Even before his keynote address in front of a cheering crowd at the annual NAACP convention in Philadelphia on Tuesday, President Barack Obama was busy practicing what he had already prepared to preach.
A day earlier, the nation’s first black president, and the 44th man to command the Oval Office, commuted the sentences of 46 nonviolent drug offenders, giving them an opportunity for freedom – 13 were serving life in prison – and a once-in-a-lifetime chance at redemption.
And, when it comes to redemption, Obama clearly has re-energized an African-American base who have largely felt abandon during the first seven years of his historic presidency.
“The president’s speech was groundbreaking and it was sweeping in what he said,” Rep. Debbie Wasserman Schultz, the chair of the Democratic National Committee, said.
Passionately, Obama spoke of how Blacks are often the target of the criminal justice system.
He said Blacks and Latinos are more likely to be stopped and frisked and the president acknowledged something that black leaders and those throughout the community have lamented for decades: jails and prisons are full of African Americans and minorities, many receiving more time for similar crimes committed by whites.
“Any system that allows us to turn a blind-eye to hopelessness and despair, that’s not a justice system, that’s an injustice system,” Obama said to cheers.
“Justice is not only the absence of oppression; it’s the presence of opportunity.”
The president noted that America is home to five percent of the world’s population but he said it’s also home to 25 percent of the world’s prison.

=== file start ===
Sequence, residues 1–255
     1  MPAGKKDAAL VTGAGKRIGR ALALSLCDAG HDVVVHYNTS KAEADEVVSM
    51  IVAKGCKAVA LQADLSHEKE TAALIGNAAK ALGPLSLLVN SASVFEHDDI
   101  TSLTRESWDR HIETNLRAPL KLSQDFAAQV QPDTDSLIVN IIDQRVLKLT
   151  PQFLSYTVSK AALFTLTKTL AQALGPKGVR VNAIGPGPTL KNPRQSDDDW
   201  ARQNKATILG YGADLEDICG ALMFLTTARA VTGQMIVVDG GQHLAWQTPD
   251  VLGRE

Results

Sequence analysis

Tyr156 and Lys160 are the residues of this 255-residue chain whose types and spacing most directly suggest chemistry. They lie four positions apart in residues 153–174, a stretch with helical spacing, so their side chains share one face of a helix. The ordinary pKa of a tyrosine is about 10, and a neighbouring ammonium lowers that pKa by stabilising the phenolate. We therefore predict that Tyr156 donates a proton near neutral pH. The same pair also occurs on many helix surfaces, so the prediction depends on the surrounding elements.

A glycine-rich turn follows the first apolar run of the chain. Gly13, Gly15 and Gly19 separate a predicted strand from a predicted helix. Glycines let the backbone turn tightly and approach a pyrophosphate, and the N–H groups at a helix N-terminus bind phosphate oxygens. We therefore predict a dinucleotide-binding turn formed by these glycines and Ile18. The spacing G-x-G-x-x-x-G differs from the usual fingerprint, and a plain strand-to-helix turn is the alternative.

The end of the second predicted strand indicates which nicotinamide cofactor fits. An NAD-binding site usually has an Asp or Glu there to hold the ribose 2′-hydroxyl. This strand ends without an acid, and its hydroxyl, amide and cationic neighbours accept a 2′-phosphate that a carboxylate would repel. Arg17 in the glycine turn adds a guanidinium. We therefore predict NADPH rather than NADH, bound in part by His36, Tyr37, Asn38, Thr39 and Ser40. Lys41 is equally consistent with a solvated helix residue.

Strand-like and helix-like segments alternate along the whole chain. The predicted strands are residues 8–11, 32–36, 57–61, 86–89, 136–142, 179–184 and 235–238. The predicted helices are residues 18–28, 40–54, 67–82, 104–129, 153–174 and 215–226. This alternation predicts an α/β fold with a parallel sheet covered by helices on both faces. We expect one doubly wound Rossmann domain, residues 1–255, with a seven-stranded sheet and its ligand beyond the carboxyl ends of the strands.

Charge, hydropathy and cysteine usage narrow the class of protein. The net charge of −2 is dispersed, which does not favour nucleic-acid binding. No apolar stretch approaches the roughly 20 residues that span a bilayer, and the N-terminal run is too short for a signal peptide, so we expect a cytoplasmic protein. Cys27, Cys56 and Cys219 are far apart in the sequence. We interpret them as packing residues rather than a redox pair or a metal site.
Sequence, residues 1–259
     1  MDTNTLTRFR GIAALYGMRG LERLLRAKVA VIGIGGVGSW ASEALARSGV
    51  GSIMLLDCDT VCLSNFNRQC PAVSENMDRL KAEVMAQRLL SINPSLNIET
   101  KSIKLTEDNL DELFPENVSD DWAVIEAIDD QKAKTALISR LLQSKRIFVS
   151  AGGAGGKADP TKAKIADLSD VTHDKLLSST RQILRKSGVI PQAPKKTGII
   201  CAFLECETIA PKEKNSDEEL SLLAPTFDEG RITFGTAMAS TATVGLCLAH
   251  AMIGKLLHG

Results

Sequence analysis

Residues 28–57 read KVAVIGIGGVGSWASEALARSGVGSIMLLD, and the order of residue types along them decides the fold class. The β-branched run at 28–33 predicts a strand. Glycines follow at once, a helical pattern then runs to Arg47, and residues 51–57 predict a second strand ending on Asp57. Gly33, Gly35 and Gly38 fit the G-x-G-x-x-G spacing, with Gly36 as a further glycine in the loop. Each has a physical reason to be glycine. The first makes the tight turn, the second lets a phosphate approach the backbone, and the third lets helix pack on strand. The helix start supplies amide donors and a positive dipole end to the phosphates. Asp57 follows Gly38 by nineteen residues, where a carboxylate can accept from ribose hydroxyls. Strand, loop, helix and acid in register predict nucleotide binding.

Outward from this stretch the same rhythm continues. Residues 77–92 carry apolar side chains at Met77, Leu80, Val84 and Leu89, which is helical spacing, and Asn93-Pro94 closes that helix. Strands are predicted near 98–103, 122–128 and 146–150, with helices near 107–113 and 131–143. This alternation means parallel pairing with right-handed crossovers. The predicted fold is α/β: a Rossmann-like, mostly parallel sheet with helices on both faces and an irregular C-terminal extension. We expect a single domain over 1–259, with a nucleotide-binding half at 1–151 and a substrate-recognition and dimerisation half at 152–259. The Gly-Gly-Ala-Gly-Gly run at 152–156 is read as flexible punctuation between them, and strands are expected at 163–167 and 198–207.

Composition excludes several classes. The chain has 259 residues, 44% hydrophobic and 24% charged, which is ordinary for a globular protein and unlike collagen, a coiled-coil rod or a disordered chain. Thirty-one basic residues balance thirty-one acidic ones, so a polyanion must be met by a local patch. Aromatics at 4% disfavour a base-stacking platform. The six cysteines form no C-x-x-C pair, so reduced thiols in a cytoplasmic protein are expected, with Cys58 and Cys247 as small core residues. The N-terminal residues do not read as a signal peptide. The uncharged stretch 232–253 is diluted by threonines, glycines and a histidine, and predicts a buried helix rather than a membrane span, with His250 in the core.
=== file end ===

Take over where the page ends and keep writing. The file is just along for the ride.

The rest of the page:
African Americans and Latinos make up 30 percent of the U.S. population, but represent 60 percent of American inmates, Obama said.
Upon arriving in Philadelphia for the convention, the president met with those who’d previously been incarcerated.
The group shared their stories with Obama and discussed their reintegration following their release as well as the work they’re doing to help other formerly incarcerated individuals and at-risk youth through community service, mentorship and education.
“By just about every measure, the life chances for Black and Hispanic youth still lag far behind those of their white peers,” Obama said.
“Our kids, America’s children, so often are isolated, without hope, less likely to graduate from high school, less likely to earn a college degree, less likely to be employed, less likely to have health insurance, less likely to own a home.”
“Part of this is a legacy of hundreds of years of slavery and segregation, and structural inequalities that compounded over generations. It did not happen by accident. Partly, it’s a result of continuing, if sometimes more subtle, bigotry whether in who gets called back for a job interview, or who gets suspended from school, or what neighborhood you are able to rent an apartment in which, by the way, is why our recent initiative to strengthen the awareness and effectiveness of fair housing laws is so important,” the president said.
He added that no one can be satisfied or not satisfied until the opportunity gap is closed for everybody in America.